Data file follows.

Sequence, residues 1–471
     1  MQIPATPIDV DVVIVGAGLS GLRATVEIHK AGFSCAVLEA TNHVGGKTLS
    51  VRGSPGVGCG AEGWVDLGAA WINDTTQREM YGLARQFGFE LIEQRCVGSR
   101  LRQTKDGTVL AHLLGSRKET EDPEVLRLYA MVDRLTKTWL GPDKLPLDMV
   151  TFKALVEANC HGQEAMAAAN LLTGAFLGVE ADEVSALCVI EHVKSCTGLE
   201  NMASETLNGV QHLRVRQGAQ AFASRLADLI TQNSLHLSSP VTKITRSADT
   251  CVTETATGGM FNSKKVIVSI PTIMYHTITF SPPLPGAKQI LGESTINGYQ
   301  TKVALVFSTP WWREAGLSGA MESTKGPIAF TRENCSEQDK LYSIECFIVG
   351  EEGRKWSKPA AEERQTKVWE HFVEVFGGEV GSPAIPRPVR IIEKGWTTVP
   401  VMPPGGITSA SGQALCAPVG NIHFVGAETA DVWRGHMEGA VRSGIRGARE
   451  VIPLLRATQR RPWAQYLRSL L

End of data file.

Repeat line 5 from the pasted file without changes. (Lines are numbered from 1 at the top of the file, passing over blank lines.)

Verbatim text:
   151  TFKALVEANC HGQEAMAAAN LLTGAFLGVE ADEVSALCVI EHVKSCTGLE